Restaurant Interior Design Review of Holler & Dash
UPDATE: Beginning in November 2019, Cracker Barrel, who owns Holler & Dash, converted all Holler & Dash locations to Maple Street Biscuit Company.
Native Nashvillians and visitors alike all agree that the restaurant interior design at Holler & Dash, a southern-style biscuit house, is on point. This restaurant branding is great; we’d love to meet up with the creatives who perfected it for a biscuit or two sometime.
Each customer touchpoint was branded thoughtfully and executed well in this restaurant interior design. The whole experience is cohesive and feels like true Southern comfort. Our restaurant interior design agency is breaking down just what it is that they did so well in this interior design review.
Restaurant Interior Design: Eye-Catching Exterior
The retail development that Holler & Dash is in is new and well-curated. We can only imagine the building restrictions for a new establishment in an up-and-coming area of Brentwood, Tennessee. That said, we’re impressed with the exterior that Holler & Dash created. It displays a bright and modern interior, inviting patio and bold exterior sign. The colors and materials are inviting, modern and, most importantly, on-brand.
The Holler & Dash exterior sign is completely custom, a unique mix of neon lights and channel letters. It is striking.
The yellow doors are one of our favorite details on this exterior. It is such a simple change to switch up the paint colors, but it makes a huge difference. We reference color psychology a lot, and for a good reason. Yellow truly is the happiest color, and it works so well on this door to communicate that Holler & Dash is a happy place to be with an open-door policy.
Restaurant Interior Design: Back Entrance
Okay, so let’s switch gears and talk about the alternate route: the back entrance. The back entrance to Holler & Dash places you near a staff door and the restrooms. These doors are plain black, packing a punch with their witty words instead of the color, like the front door.
The staff-only door reads “Employees only. Don’t worry. It’s nothing cool.” Super cheeky and clever, just like the rest of the Holler & Dash brand. This tiny customer connection makes for a real nice feel-good moment that is consistent with the rest of the brand. That’s a win in our book.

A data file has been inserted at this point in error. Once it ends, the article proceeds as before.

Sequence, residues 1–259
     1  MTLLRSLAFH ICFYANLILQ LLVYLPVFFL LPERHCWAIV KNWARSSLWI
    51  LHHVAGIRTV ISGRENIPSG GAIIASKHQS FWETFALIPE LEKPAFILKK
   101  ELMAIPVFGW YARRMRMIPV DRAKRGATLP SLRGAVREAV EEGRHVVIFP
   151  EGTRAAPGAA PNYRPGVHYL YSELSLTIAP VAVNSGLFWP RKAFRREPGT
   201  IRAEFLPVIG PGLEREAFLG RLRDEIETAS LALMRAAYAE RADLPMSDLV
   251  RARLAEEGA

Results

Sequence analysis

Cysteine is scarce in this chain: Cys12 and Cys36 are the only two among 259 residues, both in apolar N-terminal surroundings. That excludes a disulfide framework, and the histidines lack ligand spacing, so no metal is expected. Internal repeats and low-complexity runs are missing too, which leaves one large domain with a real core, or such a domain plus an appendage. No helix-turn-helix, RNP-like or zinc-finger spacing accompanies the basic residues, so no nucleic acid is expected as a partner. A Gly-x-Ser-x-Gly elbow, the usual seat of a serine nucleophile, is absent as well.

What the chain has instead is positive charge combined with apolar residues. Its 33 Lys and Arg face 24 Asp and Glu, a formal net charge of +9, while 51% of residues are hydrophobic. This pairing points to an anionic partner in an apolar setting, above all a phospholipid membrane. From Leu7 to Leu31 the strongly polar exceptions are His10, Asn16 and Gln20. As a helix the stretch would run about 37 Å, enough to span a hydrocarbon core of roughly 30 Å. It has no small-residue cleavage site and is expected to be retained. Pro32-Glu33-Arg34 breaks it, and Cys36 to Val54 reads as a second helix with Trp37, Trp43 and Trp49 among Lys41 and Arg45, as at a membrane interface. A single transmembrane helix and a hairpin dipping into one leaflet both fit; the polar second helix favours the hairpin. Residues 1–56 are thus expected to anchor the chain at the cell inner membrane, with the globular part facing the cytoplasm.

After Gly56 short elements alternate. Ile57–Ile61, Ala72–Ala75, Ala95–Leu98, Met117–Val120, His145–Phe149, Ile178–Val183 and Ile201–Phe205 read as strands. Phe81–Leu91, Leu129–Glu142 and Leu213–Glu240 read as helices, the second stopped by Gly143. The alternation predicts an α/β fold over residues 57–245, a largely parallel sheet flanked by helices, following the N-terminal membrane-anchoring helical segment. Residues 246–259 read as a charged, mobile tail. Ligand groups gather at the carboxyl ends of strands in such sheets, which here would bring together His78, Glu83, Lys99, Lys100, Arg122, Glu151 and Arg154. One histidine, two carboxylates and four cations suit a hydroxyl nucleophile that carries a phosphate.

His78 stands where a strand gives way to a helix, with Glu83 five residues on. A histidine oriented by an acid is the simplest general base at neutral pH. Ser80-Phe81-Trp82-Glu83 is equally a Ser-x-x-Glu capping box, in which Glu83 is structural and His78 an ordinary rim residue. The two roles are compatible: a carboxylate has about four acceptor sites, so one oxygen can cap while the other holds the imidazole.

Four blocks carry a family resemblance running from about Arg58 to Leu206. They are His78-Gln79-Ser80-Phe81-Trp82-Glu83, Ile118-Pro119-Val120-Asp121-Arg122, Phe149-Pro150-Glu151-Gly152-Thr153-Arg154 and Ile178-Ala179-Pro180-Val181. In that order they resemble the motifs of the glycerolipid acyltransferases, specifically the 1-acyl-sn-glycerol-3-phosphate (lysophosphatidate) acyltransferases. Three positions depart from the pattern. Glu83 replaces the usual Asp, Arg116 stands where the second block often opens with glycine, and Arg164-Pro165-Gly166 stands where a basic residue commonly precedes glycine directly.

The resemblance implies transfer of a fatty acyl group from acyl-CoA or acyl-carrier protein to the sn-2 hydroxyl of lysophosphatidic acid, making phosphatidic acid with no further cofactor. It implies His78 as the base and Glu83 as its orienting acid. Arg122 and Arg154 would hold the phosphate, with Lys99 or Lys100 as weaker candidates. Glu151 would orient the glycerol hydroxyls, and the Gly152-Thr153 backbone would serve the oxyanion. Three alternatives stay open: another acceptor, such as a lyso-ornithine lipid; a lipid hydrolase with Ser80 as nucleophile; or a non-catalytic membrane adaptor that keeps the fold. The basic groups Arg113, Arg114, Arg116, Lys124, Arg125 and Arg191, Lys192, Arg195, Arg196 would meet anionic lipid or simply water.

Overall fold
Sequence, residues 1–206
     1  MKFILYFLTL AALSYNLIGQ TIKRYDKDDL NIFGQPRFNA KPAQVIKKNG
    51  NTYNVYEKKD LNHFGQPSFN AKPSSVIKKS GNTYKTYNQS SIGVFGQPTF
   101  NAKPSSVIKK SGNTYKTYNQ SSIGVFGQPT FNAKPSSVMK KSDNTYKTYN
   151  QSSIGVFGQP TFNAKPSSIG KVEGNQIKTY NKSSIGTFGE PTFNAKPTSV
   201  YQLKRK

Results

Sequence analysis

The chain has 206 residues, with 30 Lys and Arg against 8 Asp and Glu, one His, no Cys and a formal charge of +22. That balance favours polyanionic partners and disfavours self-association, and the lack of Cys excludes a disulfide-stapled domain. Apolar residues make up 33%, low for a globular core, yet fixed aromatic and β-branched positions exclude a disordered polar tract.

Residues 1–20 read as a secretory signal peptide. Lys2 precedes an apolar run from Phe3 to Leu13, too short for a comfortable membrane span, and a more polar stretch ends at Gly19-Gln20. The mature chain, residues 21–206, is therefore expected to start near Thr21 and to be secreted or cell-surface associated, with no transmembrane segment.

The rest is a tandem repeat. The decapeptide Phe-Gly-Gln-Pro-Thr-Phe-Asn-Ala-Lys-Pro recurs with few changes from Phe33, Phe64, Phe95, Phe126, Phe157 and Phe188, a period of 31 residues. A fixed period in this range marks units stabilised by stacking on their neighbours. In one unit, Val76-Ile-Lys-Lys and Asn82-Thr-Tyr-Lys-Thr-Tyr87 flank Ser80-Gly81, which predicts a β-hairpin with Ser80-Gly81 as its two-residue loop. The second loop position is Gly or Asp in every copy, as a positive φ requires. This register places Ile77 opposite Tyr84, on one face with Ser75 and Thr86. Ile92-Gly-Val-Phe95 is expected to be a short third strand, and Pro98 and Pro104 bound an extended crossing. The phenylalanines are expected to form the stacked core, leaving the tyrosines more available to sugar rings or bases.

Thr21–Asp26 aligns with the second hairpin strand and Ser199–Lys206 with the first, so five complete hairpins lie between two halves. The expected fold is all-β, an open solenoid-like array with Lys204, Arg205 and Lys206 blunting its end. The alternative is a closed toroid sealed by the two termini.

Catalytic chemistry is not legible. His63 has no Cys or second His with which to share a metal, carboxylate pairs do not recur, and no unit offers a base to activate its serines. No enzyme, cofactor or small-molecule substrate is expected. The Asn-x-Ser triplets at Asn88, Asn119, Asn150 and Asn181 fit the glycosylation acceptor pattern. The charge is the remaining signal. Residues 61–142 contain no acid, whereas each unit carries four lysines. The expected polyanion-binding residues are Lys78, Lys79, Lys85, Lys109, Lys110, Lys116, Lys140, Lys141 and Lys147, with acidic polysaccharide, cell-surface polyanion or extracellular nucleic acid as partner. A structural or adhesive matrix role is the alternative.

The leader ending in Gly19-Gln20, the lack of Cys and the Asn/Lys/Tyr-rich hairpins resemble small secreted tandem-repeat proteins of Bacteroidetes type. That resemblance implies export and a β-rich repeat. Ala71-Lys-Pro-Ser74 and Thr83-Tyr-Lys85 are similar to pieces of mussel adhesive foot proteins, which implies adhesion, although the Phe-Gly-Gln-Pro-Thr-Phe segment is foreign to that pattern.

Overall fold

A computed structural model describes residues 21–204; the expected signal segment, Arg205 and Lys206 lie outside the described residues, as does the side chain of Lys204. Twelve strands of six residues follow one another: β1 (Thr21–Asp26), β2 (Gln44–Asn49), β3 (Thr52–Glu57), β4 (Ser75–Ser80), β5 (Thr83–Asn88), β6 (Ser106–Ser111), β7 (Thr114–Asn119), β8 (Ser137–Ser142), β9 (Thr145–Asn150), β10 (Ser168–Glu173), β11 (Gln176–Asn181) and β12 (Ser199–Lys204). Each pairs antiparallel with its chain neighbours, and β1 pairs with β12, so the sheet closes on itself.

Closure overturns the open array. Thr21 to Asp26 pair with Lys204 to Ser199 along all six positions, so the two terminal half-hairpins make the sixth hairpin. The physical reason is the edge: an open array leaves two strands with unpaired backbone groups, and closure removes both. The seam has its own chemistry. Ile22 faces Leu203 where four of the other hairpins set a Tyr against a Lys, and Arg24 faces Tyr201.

Restaurant Interior Design: Tiny Details
The Holler & Dash floor is your standard restaurant-in-Nashville concrete floor, but they amped it up a bit with custom designs in a geometric pattern. The patterns are spaced throughout the restaurant, breaking up the space and adding interest in an unlikely place.
One of the next features you notice are the wooden booths, banquet bar, and wood printed illustrations, all of which display the beliefs and visual identity of the brand. This is exactly what a restaurant interior design is for: to subtly show what the brand is about, throughout every touchpoint possible, from the flooring to the wall decor.
One of the coolest features is a huge brick wall with a hand-painted blue rooster on it. Nothing says “southern food” quite like a rooster. The rustic vibe of the artwork nods to the home-cooked recipes and the freshness of the food.
The Hidden Number Four
The booths at Holler & Dash also have a custom feel: many of them are custom-painted with a vintage floral pattern. Over and over again, Holler & Dash shows that you can put a custom restaurant interior design in restaurants with more than a half-dozen locations.
To deepen the hometown feel in this location (one of seven so far in the chain), Holler & Dash went a step beyond throwing up a community cork board and calling it a day. They worked the city name and the store number (four) into the restaurant interior design. This not-so secret but subtle four is a subtle and cool way to communicate the store number that makes knowledgable visitors feel “in” with the brand.
Trendy Interior Design Elements
A large focal wall displays the logo on herringbone subway tile, making a great photo wall above bar seating.
A retail merchandise display bar marks out the natural flow for a line to form to the register. The collection of retail items is so well-curated, it almost makes it obvious that Holler & Dash is owned by Cracker Barrel.
The table numbers were another fun and well-branded element of this restaurant interior design. The metal numbers are distressed and hand-painted in the brand fonts, and they stand creatively in little holes at each seat in the restaurant.
Final touches include a vintage tile design that serves as a welcome mat, decorative ceiling tiles, yellow barn pendants, barn lights, and printed materials covered in excellent typography. Truly, Holler & Dash got all of it right; no touchpoint was overlooked.
We are so inspired by their branding: they took their made-by-hand approach to biscuits and turned it into a handcrafted restaurant interior design.
If you’re looking to extend your branding into your restaurant interior design, give us a call. We would love to give you a hand and create a space that reflects who you are.